Monet Garden At Sainte Adresse Analysis Essay

Garden at Sainte-Adresse
ArtistClaude Monet
MediumOil on canvas
LocationMetropolitan Museum of Art, New York
Dimensions38 5/8 in × 51 1/8 in
98.1 cm × 129.9 cm

The French impressionist, Claude Monet, painted The Garden at Sainte-Adresse in 1867. The artist used oil paints on canvas to create the work, which is now housed in the Metropolitan Museum of Art in New York.

The painting was one of several the artist did while on vacation in Sainte-Adresse, a resort town near the mouth of the Seine, during the summer of 1867.


The painting is an idyllic summer scene in which four people, two males and two females, are relaxing in a garden overlooking the sea. Two are standing at the garden fence, while the other two are seated. It is thought that the figures in the painting are Monet’s relatives.

The garden is in full bloom and ablaze with color from numerous flowers. It is a bright, sunny day and both women hold open parasols.

Oriental Influence

The artist was a collector of Japanese woodcut prints and other oriental art. The horizontal structure of the painting emulates the oriental style. Monet referred to the work as “the Chinese painting.”

The exhibitions are devoted to artists from the same generation: Brice Marden, who recently turned 75, and Bruce Nauman, 71.

Twenty-five early works on paper by Mr. Marden will be on view at Matthew Marks’s newly renovated space at 523 West 24th Street in Chelsea. Created between 1962 and 1981, they feature surfaces of graphite and beeswax in dense planes of blacks, whites and grays.

“Brice has been widely acknowledged as one of the greatest living draftsmen,” Mr. Marks said. “From his very first one-man show in 1966, he has consistently shown drawings alongside paintings.”

On view will be drawings lent by collectors who have owned them since they were made and that are not for sale. They include two from 1966, one lent by Dorothy Lichtenstein, Roy Lichtenstein’s widow, and the other by Robert A. M. Stern, the New York architect and dean of the Yale School of Architecture.

Mr. Nauman’s work is on view at the Sperone Westwater gallery, on the Bowery, on the Lower East Side. The exhibition, “Some Illusions: Drawings and Videos,” includes six new video installations, as well as a new series of nine silverpoint drawings.

It is rare for contemporary artists to use silverpoint, a technique more commonly associated with old masters from the 15th and 16th centuries, like Leonardo or Dürer or Raphael. Depicting hand gestures — combinations of thumbs and fingers, a theme Mr. Nauman has explored since the 1960s — the drawings are labor-intensive and richly layered. Silverpoint is only for artists who are sure of hand: Once a mark is made, it cannot be erased.

“You can get a lot of variety in the lines,” Mr. Nauman said in a telephone interview. The drawings also take on an interesting patina because the surface tarnishes, he explained, “and in a city like New York, with all the good stuff in the air, it tarnishes particularly quickly.”


On Monday, Peter Brant is opening a Julian Schnabel retrospective at his Brant Foundation Art Study Center in Greenwich, Conn., and on Tuesday night, at Christie’s, he is selling “Balloon Dog (Orange),” his monumental sculpture by Jeff Koons, which resembles a child’s party favor. Proceeds from the sale, which is expected to bring $35 million to $55 million, are being earmarked for the foundation’s endowment.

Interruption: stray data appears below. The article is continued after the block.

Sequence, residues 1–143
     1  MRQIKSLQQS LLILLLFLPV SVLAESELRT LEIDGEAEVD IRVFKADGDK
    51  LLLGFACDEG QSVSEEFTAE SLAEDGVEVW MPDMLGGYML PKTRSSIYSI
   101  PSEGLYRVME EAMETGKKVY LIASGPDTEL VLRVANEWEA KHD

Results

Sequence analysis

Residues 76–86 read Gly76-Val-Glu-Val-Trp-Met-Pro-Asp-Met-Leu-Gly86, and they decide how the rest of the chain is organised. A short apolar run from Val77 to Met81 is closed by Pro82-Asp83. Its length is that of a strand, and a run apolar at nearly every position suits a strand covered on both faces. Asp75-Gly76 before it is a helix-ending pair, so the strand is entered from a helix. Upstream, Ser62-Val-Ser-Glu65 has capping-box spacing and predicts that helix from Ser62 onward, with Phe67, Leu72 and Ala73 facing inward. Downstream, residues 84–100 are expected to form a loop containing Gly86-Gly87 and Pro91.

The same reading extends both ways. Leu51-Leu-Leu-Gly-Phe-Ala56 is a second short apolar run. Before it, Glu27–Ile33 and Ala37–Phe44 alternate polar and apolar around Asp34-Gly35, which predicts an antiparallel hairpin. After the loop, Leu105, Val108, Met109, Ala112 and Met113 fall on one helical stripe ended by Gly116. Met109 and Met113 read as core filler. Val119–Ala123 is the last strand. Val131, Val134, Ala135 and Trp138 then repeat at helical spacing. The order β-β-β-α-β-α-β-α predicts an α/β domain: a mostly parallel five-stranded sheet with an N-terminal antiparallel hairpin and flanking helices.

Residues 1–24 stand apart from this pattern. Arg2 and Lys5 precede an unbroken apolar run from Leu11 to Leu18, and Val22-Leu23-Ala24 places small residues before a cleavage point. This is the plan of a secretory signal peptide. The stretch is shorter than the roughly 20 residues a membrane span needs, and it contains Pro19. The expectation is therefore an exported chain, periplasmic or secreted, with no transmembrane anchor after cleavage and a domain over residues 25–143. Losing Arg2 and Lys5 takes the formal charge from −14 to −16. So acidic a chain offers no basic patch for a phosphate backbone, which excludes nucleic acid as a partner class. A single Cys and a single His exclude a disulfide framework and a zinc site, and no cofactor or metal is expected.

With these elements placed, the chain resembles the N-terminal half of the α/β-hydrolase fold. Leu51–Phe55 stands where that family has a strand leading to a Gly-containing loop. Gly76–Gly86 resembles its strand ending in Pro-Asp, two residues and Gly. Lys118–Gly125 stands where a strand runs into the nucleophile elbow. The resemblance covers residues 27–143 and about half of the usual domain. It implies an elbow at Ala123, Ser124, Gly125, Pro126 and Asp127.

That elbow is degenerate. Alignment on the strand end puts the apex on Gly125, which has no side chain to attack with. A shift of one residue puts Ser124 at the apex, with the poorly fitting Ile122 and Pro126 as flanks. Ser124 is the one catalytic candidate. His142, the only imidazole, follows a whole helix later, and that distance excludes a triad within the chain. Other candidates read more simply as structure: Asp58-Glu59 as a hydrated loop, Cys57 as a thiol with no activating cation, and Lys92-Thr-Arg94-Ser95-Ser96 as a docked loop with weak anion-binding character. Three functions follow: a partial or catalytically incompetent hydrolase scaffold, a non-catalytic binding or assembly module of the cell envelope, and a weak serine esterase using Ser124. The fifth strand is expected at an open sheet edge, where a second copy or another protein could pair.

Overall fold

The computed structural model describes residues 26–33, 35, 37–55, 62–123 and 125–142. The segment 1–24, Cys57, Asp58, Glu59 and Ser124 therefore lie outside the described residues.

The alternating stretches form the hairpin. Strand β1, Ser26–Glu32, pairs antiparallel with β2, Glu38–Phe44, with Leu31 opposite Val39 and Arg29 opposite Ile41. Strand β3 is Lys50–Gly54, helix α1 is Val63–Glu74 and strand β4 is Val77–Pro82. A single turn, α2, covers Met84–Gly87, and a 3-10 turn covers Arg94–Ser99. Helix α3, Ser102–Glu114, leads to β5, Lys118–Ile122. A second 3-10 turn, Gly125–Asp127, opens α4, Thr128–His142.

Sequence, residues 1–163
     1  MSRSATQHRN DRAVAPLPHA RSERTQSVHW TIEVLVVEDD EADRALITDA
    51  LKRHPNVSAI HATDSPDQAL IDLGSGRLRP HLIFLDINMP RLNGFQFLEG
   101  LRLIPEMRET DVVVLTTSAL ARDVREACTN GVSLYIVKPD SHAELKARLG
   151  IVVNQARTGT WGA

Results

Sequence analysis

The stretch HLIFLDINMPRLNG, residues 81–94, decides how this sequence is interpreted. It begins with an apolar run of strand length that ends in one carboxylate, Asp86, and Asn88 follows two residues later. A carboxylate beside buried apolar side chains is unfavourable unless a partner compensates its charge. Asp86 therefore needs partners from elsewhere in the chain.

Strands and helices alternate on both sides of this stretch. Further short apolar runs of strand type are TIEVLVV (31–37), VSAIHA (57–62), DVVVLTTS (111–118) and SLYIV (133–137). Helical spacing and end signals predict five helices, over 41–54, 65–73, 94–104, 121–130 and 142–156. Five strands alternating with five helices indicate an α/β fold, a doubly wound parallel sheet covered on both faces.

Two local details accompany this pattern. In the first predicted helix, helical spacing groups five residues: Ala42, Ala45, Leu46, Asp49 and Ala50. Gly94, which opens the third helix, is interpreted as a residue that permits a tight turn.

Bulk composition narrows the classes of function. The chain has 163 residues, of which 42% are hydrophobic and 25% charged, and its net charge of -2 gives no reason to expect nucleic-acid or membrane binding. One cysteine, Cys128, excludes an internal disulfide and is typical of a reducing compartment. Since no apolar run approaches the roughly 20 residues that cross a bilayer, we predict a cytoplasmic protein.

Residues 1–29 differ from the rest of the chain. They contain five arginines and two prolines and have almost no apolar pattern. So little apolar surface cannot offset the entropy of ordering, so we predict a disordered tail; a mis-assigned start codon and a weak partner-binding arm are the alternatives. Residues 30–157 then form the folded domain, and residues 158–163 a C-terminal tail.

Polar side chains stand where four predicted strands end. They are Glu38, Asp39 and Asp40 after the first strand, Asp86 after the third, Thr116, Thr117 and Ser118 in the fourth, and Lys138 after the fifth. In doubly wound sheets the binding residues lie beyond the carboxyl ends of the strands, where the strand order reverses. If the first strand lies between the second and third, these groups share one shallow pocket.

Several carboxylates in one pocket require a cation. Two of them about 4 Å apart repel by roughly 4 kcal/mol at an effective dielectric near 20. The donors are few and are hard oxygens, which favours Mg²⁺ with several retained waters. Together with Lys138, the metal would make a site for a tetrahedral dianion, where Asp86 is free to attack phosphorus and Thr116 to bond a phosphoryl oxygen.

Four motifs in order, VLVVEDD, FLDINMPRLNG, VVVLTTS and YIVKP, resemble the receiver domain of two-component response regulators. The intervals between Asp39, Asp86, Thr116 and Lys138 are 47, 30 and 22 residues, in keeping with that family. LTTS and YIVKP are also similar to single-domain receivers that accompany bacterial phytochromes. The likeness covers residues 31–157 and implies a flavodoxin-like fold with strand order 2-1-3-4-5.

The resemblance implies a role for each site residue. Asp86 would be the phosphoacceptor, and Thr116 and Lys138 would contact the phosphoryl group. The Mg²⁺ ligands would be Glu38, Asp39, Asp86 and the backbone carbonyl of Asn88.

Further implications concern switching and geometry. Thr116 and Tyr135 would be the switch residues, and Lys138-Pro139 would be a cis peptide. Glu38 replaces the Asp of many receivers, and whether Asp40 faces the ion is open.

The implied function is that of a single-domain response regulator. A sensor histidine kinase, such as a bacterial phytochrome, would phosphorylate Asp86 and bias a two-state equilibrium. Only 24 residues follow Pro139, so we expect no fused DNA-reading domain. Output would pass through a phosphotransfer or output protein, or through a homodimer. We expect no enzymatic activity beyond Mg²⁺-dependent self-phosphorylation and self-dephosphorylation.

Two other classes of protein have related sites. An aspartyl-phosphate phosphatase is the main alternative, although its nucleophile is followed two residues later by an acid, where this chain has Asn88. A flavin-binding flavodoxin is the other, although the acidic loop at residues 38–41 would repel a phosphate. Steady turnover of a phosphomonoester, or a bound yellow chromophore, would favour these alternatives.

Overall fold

The show of Mr. Schnabel’s work includes art from Mr. Brant’s own holdings, as well as loans from high-profile collectors like the Los Angeles financier Eli Broad and the Swiss dealer Bruno Bischofberger. Mr. Brant, who has been collecting Mr. Schnabel’s work since the 1980s, said the show would be the first comprehensive Schnabel survey in the United States since a show at the Whitney Museum of American Art in 1987.

“I thought the time was right to show what a great painter Julian is,” Mr. Brant said. “In the 1980s, he was the flavor of the day, but then he went on to become a filmmaker and he lost his luster.”

Mr. Brant’s timing is impeccable. Many of the artists that were hot in the 1980s, among them David Salle, are starting to be appreciated once again.

Included in the show, on view through the end of March, will be works on paper, drawings and objects that are not as well known as his paintings. But, Mr. Brant said, the exhibition will also feature paintings, too, like Mr. Schnabel’s “Big Girl” canvases from early 2000, along with his “Wax Paintings,” “Velvet Paintings,” “Kabuki Paintings” and, of course, a selection of his signature plate paintings. There will also be large-scale sculptures and furniture.

After the show closes in Greenwich, it will travel to the University of Michigan Museum of Art in Ann Arbor this summer, Mr. Brant said.


Over the years, 550 West 21st Street in Chelsea has been a trucking garage, a nightclub and an art gallery. It was last home to Haunch of Venison, the contemporary-art gallery that Christie’s acquired in 2007 and that closed in March. (The auction house absorbed the business into its private sales department.)

Now that space will be the second New York gallery for Per Skarstedt, who already operates out of 20 East 79th Street in Manhattan, and on Old Bond Street in London. The New York architect Annabelle Selldorf designed the gallery for Haunch of Venison. She will be tweaking it for Mr. Skarstedt in time for its opening on March 7.

“I’ve been looking for gallery space in Chelsea for two years,” Mr. Skarstedt said. “I wanted some place with more flexibility, where I can show large sculptures and paintings.” He plans to open his Chelsea gallery with a show of Warhol’s “Oxidation” paintings and Yves Klein’s “Fire” paintings.

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